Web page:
WeChat: Originally a simple instant messaging service, WeChat has grown to be one of the most popular and used apps by millions of Chinese users. Available on both the Apple App Store and Google Play store, WeChat can be used to transfer files, translate messages, make instant payments, send live locations, video calling, instant messaging, and so much more. It’s an essential tool for doing business in China, as it is often the easiest and fastest method of communication between manufacturers, importers, and clients.
WayGo: Unless you’re fluent in Mandarin or Cantonese, chances are you’ll need some form of translation app on your smartphone when visiting China. One of the best translation apps on the market at the moment is probably WayGo. Available to both the iOS and Android markets, the app has been described as a piece of software engineering brilliance. WayGo is able to translate Chinese text to English in real time by using the camera on your smartphone. The best part is, that the app doesn’t need a steady internet connection to do so! The offline version is fully functional and extremely useful!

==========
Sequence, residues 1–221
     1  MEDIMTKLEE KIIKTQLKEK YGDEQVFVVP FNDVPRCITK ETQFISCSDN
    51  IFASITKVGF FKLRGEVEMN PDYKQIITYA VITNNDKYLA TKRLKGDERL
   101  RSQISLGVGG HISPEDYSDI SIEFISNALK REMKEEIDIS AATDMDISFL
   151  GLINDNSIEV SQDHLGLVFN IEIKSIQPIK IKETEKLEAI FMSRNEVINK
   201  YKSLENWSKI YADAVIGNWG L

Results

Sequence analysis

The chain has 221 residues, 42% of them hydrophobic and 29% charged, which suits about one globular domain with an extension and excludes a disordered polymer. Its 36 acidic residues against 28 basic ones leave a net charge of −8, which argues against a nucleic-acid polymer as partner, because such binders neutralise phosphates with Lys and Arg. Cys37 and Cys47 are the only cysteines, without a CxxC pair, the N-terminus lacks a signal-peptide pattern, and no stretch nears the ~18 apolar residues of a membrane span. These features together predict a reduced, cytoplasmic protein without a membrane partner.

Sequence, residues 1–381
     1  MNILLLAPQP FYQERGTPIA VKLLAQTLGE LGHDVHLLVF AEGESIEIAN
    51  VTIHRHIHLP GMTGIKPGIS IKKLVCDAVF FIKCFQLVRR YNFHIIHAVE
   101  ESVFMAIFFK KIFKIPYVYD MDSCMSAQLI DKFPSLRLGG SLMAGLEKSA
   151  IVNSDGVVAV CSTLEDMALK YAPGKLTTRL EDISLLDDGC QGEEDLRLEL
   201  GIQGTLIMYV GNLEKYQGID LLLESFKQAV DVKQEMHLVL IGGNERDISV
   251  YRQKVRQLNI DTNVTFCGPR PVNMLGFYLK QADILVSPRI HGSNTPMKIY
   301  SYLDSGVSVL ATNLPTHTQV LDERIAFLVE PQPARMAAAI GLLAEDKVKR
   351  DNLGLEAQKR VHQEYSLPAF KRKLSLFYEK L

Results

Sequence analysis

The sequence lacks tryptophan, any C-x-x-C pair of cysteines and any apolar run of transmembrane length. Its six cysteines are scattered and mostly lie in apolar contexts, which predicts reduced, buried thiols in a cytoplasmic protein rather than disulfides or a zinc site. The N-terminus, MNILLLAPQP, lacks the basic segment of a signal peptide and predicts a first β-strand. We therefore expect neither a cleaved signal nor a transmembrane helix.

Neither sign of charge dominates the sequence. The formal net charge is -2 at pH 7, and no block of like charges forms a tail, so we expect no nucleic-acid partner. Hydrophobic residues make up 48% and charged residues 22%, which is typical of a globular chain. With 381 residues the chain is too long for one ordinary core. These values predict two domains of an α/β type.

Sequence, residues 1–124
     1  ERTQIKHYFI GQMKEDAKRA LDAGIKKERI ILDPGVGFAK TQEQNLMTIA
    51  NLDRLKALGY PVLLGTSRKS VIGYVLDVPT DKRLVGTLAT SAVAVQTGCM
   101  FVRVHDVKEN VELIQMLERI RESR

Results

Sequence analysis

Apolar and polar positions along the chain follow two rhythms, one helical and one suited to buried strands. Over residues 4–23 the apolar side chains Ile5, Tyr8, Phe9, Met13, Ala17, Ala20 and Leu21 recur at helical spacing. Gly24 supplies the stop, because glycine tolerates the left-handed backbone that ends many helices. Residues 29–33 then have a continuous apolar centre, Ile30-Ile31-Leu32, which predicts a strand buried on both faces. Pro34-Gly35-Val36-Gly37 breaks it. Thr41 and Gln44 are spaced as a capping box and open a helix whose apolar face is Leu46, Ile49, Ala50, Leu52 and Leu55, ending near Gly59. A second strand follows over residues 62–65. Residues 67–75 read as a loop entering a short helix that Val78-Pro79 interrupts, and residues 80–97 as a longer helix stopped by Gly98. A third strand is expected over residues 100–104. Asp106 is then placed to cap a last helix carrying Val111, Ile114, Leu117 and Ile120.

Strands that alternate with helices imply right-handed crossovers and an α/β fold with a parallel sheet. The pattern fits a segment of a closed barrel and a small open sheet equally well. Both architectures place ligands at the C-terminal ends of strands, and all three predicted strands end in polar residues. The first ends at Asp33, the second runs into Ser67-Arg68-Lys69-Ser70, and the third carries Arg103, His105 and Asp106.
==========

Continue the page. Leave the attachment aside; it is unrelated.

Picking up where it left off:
When you hear gifts, you’re probably thinking of what gifts you can bring home from your business trip to China.
Bringing gifts from your business trip in China is a great way to show your family and friends that you care and wish to share a part of the culture you have experienced during your travels with them. Often, doing the same when arriving to China can have the same effect. Manufacturers, clients and even corporate colleagues you are meeting with in China enjoy receiving gifts from your country and learn about your culture.
Gift giving is a big part of the Chinese culture, signifying a token of appreciation for the person you’re meeting. It’s worth doing some research on what your Chinese hosts may like to receive from your country. It doesn’t need to be expensive, the symbol is what counts.